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Using Forensic Psychology to Spot Problems in Your Code – Interview with Adam Tornhill

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We interviewed Adam Tornhill, a software architect who combines degrees in Engineering and Psychology to get a different perspective on software. We discuss his book ‘Your Code as a Crime Scene‘, in which he describes using Forensic Psychology techniques to identify high-risk code, defects and bad design. He describes how his techniques are useful by themselves, but can also be used to make other practices like code reviews and unit testing even more effective.

Adam’s Code Maat software is on GitHub.

Content and Timings

  • Introduction (0:00)
  • About Adam (0:31)
  • Detecting Problem Code (1:43)
  • Improving the Software Architecture (3:00)
  • Social Biases and Working in Groups (4:02)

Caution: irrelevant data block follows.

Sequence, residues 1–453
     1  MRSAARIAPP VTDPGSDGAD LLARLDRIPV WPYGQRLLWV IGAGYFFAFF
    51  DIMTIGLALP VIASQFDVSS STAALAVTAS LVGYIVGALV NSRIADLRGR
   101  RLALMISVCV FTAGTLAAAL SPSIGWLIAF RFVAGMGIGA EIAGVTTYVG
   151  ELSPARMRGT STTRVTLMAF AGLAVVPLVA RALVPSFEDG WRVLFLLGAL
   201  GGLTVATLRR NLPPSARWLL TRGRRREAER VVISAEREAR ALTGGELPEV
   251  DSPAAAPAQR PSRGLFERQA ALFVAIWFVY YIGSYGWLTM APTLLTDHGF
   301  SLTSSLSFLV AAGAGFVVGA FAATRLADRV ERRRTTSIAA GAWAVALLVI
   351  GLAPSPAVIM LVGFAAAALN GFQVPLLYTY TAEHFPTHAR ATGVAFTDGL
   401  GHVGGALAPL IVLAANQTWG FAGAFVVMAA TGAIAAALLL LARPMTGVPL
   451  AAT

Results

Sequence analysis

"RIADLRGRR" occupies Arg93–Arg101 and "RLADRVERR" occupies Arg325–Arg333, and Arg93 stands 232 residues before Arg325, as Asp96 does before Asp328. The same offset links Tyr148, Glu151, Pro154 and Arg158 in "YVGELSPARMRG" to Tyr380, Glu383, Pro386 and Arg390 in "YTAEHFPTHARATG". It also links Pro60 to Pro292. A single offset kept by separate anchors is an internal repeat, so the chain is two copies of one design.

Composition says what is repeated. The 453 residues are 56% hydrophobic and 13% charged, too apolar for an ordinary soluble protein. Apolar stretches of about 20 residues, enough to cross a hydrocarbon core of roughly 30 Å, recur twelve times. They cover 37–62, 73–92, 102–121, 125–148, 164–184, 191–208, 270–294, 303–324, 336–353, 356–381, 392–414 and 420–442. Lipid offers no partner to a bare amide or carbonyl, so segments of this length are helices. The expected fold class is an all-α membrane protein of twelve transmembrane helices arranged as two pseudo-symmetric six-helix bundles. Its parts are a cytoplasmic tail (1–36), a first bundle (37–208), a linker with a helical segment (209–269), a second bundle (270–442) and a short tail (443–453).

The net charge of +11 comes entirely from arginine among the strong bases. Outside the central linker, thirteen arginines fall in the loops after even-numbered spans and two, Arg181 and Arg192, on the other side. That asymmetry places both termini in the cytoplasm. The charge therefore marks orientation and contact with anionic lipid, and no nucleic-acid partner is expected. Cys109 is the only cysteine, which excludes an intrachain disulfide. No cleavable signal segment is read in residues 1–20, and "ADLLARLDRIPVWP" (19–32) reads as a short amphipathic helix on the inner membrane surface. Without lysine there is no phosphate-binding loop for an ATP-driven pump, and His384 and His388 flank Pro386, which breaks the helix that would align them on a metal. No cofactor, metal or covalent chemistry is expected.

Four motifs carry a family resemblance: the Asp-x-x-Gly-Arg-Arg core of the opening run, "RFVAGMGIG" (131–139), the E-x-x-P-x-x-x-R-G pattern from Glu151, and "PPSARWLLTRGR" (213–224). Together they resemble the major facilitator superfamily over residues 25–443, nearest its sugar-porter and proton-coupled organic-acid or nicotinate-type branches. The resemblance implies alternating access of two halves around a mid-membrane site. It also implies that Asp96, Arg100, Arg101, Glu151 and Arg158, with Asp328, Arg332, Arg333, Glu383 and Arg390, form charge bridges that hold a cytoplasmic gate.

• Working with Unit Testing and Code Reviews (7:20)
  • Tools and Resources (8:32)

Transcript

Introduction

Derrick:
Adam Tornhill is a Programmer and Software Architect who combines degrees in engineering and psychology to get a different perspective on software. He’s the author of “Lisp for the Web”, “Patterns in C”, as well as “Your Code as a Crime Scene”, in which he describes using forensic techniques to identify defects and bad design in code.

Adam, thank you so much for taking the time to join us today. I really look forward to hearing what you have to say. Why don’t you say a bit about yourself?

About Adam

Adam:
Oh yeah, sure. It’s a pleasure to be here. I’m Adam Tornhill and I’m from Sweden, which is why I have this wonderful accent. I’ve been a programmer for a long time. I’ve been doing this for almost two decades now, and I still love what I do.